USA 1890-1917

Overview of the USA between 1890 and 1917

HideShow resource information
  • Created by: CARL
  • Created on: 05-04-12 15:02

Explain why the principle of ‘Open Door’ in trade

Trade – the USA wanted access to markets in Asia as its wellbeing depended on exports

The USA thought that if there was an ‘Open Door’ then no one country could dominate trade (unless it was themselves)

Imperial rivalry – the USA was worried that a rival nation such as UK or other imperial

Domestic Economy – in 1900 both industry and agriculture were in a position to sell goods and crops abroad it had become the chief trading nation

Role of President – Roosevelt was keen on this issue and encouraged Sec of State to work for this by sending a second Open Door note

The most important reason is possibly the trading opportunities which countries like China presented, and Secretary of State Hay, was determined to protect USA trade and economy.

1 of 9

How far was the growth of the American economy in

Big Business was responsible:

oil transformed machinery and transport possibilities and, through the dominance of Rockefeller and large oil companies, oil was exploited to the benefit of everyone and especially the embryonic car industry

JP Morgan and his influence on banking meant it was stable and able to provide credit. Bankers used their skills to pilot mergers in the 1890s

through the work of Carnegie, steel became a major product and so too did heavy engineering, thus providing lots of employment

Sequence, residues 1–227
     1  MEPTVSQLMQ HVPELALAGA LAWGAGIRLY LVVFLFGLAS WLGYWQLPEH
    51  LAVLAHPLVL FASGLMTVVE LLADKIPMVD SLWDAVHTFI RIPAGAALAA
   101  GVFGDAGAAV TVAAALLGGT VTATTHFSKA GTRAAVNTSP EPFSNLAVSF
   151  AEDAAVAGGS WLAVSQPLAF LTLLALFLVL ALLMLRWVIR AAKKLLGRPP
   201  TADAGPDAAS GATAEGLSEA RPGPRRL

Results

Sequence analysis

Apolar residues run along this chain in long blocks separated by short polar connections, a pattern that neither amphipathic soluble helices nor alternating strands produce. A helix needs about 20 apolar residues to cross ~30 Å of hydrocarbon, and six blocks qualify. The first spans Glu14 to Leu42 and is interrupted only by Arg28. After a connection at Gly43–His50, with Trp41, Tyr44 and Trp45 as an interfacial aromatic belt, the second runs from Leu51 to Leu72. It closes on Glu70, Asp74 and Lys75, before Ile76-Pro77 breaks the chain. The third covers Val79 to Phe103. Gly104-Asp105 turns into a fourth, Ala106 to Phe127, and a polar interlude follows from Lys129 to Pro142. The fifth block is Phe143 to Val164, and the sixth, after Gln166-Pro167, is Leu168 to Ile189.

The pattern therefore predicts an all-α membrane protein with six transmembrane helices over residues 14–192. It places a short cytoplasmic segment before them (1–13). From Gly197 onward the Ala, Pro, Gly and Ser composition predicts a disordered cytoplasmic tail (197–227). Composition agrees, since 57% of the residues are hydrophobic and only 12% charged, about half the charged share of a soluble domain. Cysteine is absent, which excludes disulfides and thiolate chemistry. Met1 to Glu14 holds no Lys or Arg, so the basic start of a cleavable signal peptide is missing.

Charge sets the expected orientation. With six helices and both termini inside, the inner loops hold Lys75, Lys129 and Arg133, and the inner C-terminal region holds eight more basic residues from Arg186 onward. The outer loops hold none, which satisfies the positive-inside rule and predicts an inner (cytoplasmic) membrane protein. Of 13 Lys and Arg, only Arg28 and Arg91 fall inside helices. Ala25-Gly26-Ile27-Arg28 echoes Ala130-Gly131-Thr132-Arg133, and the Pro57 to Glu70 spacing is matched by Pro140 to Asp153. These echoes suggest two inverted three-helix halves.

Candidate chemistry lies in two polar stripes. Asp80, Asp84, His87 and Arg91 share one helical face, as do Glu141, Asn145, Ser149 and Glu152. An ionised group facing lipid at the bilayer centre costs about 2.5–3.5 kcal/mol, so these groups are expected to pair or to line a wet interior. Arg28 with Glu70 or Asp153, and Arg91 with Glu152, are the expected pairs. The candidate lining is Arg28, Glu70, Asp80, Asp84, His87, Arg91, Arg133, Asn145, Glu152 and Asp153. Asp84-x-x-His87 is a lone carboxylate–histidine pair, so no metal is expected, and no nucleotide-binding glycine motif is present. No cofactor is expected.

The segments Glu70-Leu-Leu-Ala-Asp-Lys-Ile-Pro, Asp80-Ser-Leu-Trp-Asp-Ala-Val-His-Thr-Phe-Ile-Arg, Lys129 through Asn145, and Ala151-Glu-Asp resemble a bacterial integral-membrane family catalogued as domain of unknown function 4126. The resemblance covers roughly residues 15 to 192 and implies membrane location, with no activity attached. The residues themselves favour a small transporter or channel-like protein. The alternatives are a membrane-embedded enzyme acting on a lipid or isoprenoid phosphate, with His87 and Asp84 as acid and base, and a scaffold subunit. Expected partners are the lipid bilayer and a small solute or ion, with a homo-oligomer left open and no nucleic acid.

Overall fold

due to ruthless big business tactics, smaller companies which were less profitable were ruined, but it meant that in the long run the economy benefited from streamlined monopolies because they could have economy of scale. This meant that prices of goods went down and this spurred on the domestic market to buy more.

2 of 9

Other factors responsible for growth in the econom

the development of agriculture across the Plains. This came about with inventions such as barbed wire and hybrid wheat, and therefore led to the USA becoming a ‘bread basket’. This meant a surplus was produced and so exports developed.

the development of technology such as refrigeration was important to farming and the economy – especially the refrigerated rail car cheap labour from increased immigration fuelled the economy – immigrants brought extra skill from the old world to benefit the new world trade with Asia.

The government allowed corporations to grow because they fully believed in capitalism.

Trade with Asia States

Government passed laws to help big business. The government even extended protection through the Supreme Court and the 14th amendment.

3 of 9

Why did the USA go to war with Spain in 1898?

political – President McKinley was persuaded into changing his attitude towards Imperialism because of moral/religious reasons

economic – due to sugar and tobacco trade  

media – the influence of the Yellow Press  

pressure from public opinion

traditional – Manifest destiny  

geographical – sphere of influence.

Key Point

the change of attitude towards developing an Empire linked to economic reasons such as trade.

4 of 9

How far was the USA Isolationist between 1900 and

Was Isolationist...

traditional foreign policy factor set down by George Washington and elements of the Monroe Doctrine. The USA was mostly isolationist

Personal factor. In the Taft years there was less interference with foreign nations than with some other Presidents

moral factor. Under Wilson (pre First World War) there was initially a return to complete isolationism because of his idealism. Although this was official Presidential policy the USA remained concerned about events in South America

public opinion factor. In 1914, on the outbreak of the First World War, the USA was sympathetic to Great Britain but officially they remained neutral until 1917. They wished to avoid ‘entangling alliances’

fear factor. The USA goes back to isolationism with regards to Europe after they War when it rejects the League of Nations. No more deaths. Hence the return to ‘normalcy’ meaning isolationism.

5 of 9

Not isolationist between 1900 and 1920

Was not Isolationist